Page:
“Brown? Yeah,” the man said. “I hate to admit it out loud, but Jeraine’s kind of an inspiration to me. I always liked that his name is a free name. I was going to change my name, but it would kill my father, just kill him. So, I go by the one name, Malik.”

“Well, Malik, I hope you know now that you’re welcome to join me anytime. We don’t play for money or fame, just the …”

“ … joy of music,” Malik said. Seth smiled. “Yeah, I heard you say that when you were interviewed.”

Seth nodded. The weight of his mission settled on Seth again.

“Listen, I’m looking for a friend of mine,” Seth said.

“White kid?” Malik asked. “Tall, really thin, looks all crazy.”

“Blue and white striped dress shirt, jeans?” Seth asked.

“Maybe,” Malik said. “Who’s he to you?”

“If you’ve seen him, I’d appreciate it if you’d tell me where,” Seth said. “I’m very concerned about him and his state of mind.”

Malik thought for a moment before nodding.

“Fair enough,” the man said. “I play the …”

“Drums,” Seth said.

Malik grinned in response.

“These clubs down here have a bunch of entrances from when white folks and black folks had to use separate entrances, and prohibition. Well, you know,” Malik said. “I like to go out the old negro exits. Reminds me of where I came from. I mean if Sammy Davis Junior can go in and out of the rat infested, stinking alley, I sure as hell can do the same.”

Seth nodded in understanding.

“I was coming off a gig when I saw a guy wearing what you say,” Malik said. “Kinda blondish hair. Young. He seemed crazy, upset.”

“Where?” Seth asked. “Please, it’s important.”

“I’ll show you,” Malik said.

Malik turned in place, stuck his hands in his pockets, and took off in the direction he’d come from. Used to walking fast, Seth was able to keep up.

“So how you know this kid?” Malik asked as they walked. “He your boyfriend?”

“No,” Seth said with a laugh. “Not my thing.”

“You never know,” Malik said.

“Would it matter?” Seth asked.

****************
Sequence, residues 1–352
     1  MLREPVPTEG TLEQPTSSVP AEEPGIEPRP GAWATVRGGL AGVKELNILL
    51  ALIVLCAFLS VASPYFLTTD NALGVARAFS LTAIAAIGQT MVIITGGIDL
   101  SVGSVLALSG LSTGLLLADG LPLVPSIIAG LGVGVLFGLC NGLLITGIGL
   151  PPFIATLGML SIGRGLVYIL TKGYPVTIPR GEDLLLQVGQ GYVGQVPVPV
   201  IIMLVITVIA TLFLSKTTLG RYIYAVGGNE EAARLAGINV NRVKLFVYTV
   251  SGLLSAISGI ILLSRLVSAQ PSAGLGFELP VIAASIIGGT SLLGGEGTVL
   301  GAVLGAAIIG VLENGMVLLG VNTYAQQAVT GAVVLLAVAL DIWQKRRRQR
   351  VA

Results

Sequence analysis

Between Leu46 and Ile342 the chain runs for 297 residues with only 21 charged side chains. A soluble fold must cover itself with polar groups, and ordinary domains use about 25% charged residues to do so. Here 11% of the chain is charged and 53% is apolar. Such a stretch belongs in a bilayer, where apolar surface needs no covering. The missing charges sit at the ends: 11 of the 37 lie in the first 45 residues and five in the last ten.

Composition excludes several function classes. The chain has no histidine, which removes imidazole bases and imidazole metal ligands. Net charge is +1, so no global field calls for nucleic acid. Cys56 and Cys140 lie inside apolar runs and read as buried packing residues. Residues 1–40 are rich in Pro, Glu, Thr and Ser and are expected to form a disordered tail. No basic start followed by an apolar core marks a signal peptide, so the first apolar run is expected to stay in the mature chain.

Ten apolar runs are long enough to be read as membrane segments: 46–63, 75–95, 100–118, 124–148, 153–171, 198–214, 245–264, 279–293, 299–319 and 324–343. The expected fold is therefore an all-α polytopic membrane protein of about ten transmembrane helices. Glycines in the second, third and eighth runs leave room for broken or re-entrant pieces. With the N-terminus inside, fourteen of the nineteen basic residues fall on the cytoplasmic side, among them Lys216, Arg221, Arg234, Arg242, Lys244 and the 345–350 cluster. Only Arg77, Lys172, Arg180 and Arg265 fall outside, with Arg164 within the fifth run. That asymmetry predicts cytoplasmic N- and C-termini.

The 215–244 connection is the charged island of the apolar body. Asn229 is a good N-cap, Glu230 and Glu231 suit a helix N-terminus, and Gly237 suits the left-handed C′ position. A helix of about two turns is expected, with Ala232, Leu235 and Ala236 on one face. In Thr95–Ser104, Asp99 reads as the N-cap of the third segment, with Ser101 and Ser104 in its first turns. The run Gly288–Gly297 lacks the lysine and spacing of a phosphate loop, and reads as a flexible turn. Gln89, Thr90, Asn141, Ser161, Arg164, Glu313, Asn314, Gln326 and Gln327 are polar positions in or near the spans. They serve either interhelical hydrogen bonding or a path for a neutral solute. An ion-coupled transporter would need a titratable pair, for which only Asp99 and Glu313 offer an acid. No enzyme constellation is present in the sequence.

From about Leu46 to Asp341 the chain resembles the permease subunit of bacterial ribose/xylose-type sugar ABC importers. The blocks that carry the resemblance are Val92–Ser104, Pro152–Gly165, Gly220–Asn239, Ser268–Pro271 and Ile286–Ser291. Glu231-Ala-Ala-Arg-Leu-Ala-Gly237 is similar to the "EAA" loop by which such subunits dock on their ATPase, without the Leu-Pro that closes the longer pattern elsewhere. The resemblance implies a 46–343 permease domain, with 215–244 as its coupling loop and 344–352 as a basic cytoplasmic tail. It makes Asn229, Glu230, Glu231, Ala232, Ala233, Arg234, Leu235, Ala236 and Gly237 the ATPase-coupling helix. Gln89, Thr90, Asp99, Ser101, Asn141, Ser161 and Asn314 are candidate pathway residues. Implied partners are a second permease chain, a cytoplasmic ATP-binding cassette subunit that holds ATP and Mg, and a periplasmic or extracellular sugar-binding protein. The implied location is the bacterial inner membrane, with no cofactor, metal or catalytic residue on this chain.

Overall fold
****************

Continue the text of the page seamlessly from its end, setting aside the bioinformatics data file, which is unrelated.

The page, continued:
“Not at to me,” Malik said. He glanced at Seth. “It’s just that if this boy is running from you …”

“I see what you mean,” Seth said.

“No offense?” Malik asked.

“None taken,” Seth said. “It’s a good question. He’s a good looking kid.”

“How …?” Malik asked.

“He’s my friend,” Seth said cutting Malik off. “My wife’s best friend, Beth, was his beloved. Beth was murdered by a serial killer I was chasing. Dale found her. I found him about an hour after that. His mind was … well, you can imagine.”

Seth shrugged.

“He lives with us,” Seth said. “He takes care of things that are broken or whatever.”

Malik made a quick left turn, which Seth missed. He had to jog to catch up with Malik again.

“Handyman?” Malik asked. “Can’t you afford to pay someone for that?”

“He wanted to keep things fair,” Seth said. “Anyway, he’s in New York with my best friend’s son. He’s recovering from being beaten nearly to death. Charlie, that is. They met while Charlie was recovering at my house.”

Seth glanced at the young man.

“You have a best friend?” Seth asked.

Malik nodded.

“Then you know what it’s like,” Seth said. “These kids met and were best friends. Just like that. Dale came with Charlie to the city so that Charlie could do some rehab and take a break. There’s a big trial and a bunch of crap.”

“What happened to him?” Malik asked. “Dale?”

Malik stopped walking and looked at him. Seth nodded.

“Dale looked messed up,” Malik said.

“He went on a date,” Seth said.

Malik shook his head.

“Besides my wife and my housekeeper, Dale hasn’t seen a woman, touched a woman, talked to a woman, since he found Beth’s body. Not even his mother,” Seth said. “A ballerina has been coming by to help Charlie and his sister with rehabilitation. They started talking and had a lot in common. I guess some flirting came after that and …”